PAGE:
In order to support the development of guidance material to prosecute waste crimes, in partnership with the United Nations University (UNU), the United Nations Environmental Programme (UNEP) held a consultative meeting on Tuesday 17 December 2019, at the United Nations Conference Centre, in Bangkok. The consultative meeting formed an important contribution to the WasteForce project which aims at boosting the operational activities and capacities of authorities involved in the fight against illegal trade and management of waste.
A total of 21 participants joined in the day-long consultation. Participants represented prosecutors, legal training institutes and environmental protection and customs agents from seven countries in the region and also included representatives from UNEP, Interpol, WCO and UNODC.
The aims of the consultative meeting were to identify needs and challenges in the development of a guidance material on prosecuting waste crime that would be useful for countries in the region, to gather feedback on the content of the guidance material on prosecuting waste crime and identify key stakeholders and institutions for further participation in the WasteForce project implementation in Asia-Pacific in Bangkok in June 2020.
Prosecutors are, of course, a key stakeholder in the enforcement chain. In order to address the illegal trade and management of waste, prosecutors need to be aware not only of national legal avenues for prosecution but also for transnational waste trade, the developments in the laws of source countries and in international law.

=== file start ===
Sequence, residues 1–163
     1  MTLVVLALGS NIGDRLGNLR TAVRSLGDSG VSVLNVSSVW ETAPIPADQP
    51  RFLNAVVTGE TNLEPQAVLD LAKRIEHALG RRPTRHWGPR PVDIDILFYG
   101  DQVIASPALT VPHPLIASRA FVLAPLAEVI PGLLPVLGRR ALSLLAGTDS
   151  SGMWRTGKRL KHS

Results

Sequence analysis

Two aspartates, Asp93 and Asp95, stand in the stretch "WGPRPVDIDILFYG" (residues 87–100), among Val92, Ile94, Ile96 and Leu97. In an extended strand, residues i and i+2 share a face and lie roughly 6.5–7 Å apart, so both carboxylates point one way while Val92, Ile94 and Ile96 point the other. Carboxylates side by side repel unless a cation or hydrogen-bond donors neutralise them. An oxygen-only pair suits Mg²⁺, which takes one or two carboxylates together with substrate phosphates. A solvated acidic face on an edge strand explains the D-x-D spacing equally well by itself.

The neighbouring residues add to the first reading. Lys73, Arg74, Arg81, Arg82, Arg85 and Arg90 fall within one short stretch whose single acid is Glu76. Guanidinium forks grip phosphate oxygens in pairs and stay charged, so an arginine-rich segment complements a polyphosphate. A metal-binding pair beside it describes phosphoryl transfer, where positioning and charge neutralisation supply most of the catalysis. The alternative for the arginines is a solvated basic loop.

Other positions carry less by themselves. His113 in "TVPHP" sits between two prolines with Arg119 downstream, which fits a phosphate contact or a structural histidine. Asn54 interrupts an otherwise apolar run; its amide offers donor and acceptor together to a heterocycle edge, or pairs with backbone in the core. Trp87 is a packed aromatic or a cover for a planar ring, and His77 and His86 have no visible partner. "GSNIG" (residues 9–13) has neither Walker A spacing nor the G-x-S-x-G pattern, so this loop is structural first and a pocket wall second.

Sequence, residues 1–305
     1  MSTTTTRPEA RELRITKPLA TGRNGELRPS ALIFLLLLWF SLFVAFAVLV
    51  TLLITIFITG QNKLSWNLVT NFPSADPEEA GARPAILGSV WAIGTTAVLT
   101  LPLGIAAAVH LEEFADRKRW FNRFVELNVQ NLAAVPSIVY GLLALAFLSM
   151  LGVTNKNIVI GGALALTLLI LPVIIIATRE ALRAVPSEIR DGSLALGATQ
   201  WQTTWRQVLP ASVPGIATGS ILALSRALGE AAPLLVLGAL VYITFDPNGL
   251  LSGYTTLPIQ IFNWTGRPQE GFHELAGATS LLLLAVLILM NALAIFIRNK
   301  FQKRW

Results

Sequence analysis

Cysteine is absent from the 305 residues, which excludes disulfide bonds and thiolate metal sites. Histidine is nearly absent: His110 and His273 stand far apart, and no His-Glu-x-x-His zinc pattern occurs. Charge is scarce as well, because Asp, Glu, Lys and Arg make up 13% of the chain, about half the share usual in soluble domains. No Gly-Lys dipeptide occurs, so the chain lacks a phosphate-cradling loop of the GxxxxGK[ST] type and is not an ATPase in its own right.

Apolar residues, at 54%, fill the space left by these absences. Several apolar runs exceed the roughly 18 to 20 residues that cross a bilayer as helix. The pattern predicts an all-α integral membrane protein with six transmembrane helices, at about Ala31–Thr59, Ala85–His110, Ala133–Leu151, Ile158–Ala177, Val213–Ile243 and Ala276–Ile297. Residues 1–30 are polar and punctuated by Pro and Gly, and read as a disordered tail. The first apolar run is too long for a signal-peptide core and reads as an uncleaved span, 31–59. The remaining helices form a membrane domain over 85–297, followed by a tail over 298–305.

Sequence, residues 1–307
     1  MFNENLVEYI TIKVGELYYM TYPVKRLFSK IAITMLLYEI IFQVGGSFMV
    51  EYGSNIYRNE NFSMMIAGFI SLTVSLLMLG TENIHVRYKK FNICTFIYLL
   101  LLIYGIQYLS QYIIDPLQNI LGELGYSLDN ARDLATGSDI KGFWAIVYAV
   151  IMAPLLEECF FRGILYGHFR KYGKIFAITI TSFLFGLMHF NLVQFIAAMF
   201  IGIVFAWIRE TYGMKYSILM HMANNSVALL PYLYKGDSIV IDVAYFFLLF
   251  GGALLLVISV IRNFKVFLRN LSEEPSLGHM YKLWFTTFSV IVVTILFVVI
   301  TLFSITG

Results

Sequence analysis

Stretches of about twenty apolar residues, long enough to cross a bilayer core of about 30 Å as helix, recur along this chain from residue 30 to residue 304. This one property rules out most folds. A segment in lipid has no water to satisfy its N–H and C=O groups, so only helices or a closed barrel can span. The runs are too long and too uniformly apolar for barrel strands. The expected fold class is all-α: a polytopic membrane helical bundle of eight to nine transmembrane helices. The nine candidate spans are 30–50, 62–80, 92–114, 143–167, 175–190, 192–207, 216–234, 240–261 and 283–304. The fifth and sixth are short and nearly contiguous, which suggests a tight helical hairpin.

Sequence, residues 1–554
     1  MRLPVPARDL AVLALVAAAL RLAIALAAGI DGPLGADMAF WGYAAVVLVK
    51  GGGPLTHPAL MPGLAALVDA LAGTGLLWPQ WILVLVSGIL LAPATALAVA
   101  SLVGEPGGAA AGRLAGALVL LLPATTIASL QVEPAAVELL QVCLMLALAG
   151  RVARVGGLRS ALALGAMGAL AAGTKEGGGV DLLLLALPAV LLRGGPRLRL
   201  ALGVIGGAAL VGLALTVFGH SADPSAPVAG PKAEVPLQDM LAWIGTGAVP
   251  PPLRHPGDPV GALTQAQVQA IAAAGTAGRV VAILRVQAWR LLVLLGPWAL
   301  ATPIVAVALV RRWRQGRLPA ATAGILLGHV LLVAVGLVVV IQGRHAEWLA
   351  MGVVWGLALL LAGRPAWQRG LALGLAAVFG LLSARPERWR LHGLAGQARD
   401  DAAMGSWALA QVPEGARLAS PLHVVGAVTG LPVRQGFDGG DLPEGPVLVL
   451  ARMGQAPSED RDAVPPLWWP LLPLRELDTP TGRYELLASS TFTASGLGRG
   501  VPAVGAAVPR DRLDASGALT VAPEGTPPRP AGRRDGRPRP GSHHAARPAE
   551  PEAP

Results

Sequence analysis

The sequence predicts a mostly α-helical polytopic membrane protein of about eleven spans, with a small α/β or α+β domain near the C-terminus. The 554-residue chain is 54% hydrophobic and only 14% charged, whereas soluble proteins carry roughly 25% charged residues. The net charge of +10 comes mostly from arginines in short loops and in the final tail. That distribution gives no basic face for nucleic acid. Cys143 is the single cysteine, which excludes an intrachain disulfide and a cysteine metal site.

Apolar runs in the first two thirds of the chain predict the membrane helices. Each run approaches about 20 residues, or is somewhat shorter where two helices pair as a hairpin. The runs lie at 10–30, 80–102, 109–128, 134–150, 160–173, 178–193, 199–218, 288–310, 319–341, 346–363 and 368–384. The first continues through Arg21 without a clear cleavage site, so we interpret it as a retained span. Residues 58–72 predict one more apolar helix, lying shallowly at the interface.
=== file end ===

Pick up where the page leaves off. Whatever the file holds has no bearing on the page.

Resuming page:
This consultation meeting provided a platform for input into the development of guiding material which will support the role of prosecutors – providing targeted and practical information to assist in the successful prosecutions in the region.
Six topic areas were discussed by the participants;
- Scope of the Prosecution: Documentation Violations, Illegal Waste, Illegal Transport or Disposal
- Cooperation with Agencies during Investigation: Other Department, International Agencies
- Evidence: Collecting Evidence, Obtaining electronic evidence, Sampling of Evidence, International Requests
- Choosing the Type of Case: Administrative, Civil, Criminal and Send Back cases.
- Supporting Materials: Assessment of Environmental Harm, Prosecution Guidelines, Sentencing Guidelines
- Other Issues
The group discussion addressed these issues and a variety of recommendations and perspectives were shared. In addition to providing essential input to the development of tools for prosecuting waste crime, the consultative meeting also provided an opportunity for the development of connections between colleagues from the region. Effective disruption of waste crime requires not only knowledge but also requires strong partnerships between prosecutors and enforcement agencies (customs and port authorities, environmental agencies and police agents). The WasteForce project seeks to build relationships between authorities within nations, regionally and on both sides of the transnational waste trade that can continue after the project and effectively disrupt the illegal trafficking of waste. We hope to continue to foster these relationships as the project implementation continues throughout 2020.